Advertisement

FDA-Approved "Artificial Pancreas” Delivers Round-the-Clock Insulin

FDA-Approved "Artificial Pancreas” Delivers Round-the-Clock Insulin

Groundbreaking device keeps blood sugar stable—even in your sleep.

People with type 1 diabetes may now be able to worry less about irritating blood sugar checks and unpredictable symptoms. A new “artificial pancreas” has just been approved by the Food and Drug Administration (FDA) and is expected to hit markets by Spring 2017.

The device, called the Medtronic MiniMed 670G, acts just like a pancreas by monitoring and adjusting your blood sugar. The MiniMed releases a constant, controlled amount of insulin around the clock, called a “basal dose,” to keep your blood sugar stable—even when you sleep. If it detects a spike in your blood sugar, it’ll bring it down by releasing extra insulin. On the other hand, if you have a sudden dip in blood sugar, it’ll stop releasing insulin until you can eat a snack that will bring it back up.

What is type 1 diabetes?
If you have type 1 diabetes, your pancreas doesn’t produce enough—or any—of the hormone insulin. Normally, the pancreas releases insulin after you eat. Insulin then helps to move the sugars that come from food into your cells. Once inside your cells, sugar gives your organs and tissues energy to function properly. Without insulin, sugar builds up in your blood and can lead to serious effects like nerve damage and stroke.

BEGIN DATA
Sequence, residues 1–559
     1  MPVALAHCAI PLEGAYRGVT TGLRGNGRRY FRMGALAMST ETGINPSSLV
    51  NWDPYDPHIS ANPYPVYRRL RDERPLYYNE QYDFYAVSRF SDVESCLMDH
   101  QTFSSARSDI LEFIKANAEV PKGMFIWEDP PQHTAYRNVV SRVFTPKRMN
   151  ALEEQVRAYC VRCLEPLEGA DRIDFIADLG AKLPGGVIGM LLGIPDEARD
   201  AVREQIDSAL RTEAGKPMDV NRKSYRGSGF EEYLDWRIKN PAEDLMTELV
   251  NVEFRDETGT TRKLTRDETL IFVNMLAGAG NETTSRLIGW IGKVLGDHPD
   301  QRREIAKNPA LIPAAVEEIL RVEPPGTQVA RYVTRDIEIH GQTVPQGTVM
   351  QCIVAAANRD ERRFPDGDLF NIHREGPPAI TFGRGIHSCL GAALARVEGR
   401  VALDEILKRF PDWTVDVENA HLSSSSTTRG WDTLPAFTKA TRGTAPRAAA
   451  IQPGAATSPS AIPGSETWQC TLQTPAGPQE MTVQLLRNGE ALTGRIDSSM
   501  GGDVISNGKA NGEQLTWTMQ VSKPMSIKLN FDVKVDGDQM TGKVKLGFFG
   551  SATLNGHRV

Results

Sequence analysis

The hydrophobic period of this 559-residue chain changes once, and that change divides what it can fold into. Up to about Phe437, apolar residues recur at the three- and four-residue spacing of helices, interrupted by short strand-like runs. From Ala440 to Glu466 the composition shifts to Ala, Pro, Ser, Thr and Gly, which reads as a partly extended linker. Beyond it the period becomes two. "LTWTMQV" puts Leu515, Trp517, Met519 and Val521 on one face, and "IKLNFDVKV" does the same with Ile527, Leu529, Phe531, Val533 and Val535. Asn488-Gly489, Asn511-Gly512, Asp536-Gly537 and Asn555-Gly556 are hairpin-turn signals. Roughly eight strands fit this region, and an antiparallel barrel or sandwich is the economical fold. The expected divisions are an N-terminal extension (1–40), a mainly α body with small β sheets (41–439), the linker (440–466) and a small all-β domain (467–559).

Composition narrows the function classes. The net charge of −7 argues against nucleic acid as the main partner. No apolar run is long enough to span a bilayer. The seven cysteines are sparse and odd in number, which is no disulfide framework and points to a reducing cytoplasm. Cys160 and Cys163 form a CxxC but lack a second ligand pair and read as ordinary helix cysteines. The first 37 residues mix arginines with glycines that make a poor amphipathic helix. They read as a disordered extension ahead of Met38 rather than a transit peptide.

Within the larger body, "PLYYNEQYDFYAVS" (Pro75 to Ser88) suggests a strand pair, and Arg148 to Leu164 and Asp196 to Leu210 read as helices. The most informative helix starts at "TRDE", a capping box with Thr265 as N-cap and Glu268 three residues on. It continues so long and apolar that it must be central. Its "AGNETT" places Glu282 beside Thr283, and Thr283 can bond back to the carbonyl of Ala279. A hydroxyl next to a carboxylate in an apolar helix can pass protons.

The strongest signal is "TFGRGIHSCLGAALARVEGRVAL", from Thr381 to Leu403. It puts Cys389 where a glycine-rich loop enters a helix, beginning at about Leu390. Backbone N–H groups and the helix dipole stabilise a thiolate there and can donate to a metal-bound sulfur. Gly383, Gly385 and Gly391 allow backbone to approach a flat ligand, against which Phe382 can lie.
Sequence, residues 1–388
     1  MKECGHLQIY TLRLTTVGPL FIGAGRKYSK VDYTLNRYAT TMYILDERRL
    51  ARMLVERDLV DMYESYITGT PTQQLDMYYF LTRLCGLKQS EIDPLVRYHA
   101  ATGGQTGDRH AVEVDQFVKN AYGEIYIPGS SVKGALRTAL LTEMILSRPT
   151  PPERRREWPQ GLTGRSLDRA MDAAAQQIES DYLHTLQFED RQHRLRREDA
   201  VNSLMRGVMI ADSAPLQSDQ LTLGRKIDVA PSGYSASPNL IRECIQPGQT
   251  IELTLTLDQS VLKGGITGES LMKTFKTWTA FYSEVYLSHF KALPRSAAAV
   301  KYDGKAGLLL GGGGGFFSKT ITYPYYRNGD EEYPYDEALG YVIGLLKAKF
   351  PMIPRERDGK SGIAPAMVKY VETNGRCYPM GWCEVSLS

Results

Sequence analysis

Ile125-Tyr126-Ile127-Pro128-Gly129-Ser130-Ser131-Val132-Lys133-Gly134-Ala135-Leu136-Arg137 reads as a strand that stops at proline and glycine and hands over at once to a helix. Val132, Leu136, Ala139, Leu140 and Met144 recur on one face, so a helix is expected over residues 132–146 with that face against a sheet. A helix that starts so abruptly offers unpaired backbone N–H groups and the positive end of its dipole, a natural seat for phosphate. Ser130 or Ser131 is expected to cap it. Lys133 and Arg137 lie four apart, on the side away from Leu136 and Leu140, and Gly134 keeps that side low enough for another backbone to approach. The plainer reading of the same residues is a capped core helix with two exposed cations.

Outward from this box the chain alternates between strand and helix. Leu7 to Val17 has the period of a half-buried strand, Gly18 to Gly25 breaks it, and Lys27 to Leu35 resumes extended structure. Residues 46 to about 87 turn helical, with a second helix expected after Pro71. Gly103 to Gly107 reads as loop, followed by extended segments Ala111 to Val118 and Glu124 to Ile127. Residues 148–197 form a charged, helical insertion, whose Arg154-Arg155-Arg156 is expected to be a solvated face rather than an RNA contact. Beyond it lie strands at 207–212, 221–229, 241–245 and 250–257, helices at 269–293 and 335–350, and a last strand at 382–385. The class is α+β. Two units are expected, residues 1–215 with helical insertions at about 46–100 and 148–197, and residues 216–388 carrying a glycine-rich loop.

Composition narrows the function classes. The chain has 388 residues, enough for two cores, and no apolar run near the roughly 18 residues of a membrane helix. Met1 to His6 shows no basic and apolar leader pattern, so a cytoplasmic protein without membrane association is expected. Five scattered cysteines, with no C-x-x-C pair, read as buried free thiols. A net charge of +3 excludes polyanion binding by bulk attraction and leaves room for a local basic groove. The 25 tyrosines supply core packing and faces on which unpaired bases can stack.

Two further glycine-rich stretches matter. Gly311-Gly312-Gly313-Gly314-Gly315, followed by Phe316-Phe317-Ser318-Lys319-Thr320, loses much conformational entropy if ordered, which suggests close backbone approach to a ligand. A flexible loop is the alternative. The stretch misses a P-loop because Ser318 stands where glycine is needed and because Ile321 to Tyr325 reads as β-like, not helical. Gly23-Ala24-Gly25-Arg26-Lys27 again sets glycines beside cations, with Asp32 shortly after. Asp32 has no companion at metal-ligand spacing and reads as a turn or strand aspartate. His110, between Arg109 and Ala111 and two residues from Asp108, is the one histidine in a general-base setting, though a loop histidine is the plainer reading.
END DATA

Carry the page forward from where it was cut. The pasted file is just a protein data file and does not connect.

This breakthrough will change the lives of people with type 1 diabetes by taking on the role of a healthy pancreas. You’ll still have to tell the MiniMed how many carbohydrates you’re going to eat by punching in a number before meals. But gone are the days of constant finger pricks, squinting to read your insulin syringes and random, possibly life-threatening blood sugar spikes.

Is the MiniMed for everyone?
This “artificial pancreas” was tested and approved for people over 14 years old. However, clinical trials are underway for children as well.

In the adult clinical trial, people had:

To find out if you’re eligible for this device, make an appointment with your diabetes doctor. You can also learn about clinical trials that are underway by visiting the FDA’s website.

What is the difference between pancreas and islet cell transplantation?
Penn MedicinePenn Medicine
Pancreas transplantation is the most complete treatment currently available to maintain blood sugar ...
More Answers
Is there a cure for type 1 diabetes?
Dr. Ronald Tamler, MDDr. Ronald Tamler, MD
There is currently no cure for type 1 diabetes. In this video, Ronald Tamler, MD, clinical director ...
More Answers
What Should Someone Look for in a Blood Glucose Meter?
What Should Someone Look for in a Blood Glucose Meter?
Are There Blood Glucose Meters That Will Transmit Information Directly to Your Doctor?
Are There Blood Glucose Meters That Will Transmit Information Directly to Your Doctor?